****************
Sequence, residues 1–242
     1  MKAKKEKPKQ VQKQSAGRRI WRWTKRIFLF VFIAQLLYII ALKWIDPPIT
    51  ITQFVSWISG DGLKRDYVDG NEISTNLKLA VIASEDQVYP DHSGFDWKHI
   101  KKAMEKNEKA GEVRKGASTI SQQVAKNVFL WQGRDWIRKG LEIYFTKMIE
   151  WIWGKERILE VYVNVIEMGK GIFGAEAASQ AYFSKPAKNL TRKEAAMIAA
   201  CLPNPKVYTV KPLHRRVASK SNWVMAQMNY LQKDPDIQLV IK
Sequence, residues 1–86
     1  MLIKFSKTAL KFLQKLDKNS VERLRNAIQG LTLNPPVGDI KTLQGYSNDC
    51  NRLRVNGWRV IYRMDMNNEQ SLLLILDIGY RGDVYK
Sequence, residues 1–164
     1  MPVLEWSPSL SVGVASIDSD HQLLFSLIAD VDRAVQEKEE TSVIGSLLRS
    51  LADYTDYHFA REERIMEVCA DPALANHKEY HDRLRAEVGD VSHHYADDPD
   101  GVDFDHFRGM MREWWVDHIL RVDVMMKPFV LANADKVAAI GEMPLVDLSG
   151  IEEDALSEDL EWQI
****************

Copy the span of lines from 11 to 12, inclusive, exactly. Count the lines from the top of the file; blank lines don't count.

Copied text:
     1  MPVLEWSPSL SVGVASIDSD HQLLFSLIAD VDRAVQEKEE TSVIGSLLRS
    51  LADYTDYHFA REERIMEVCA DPALANHKEY HDRLRAEVGD VSHHYADDPD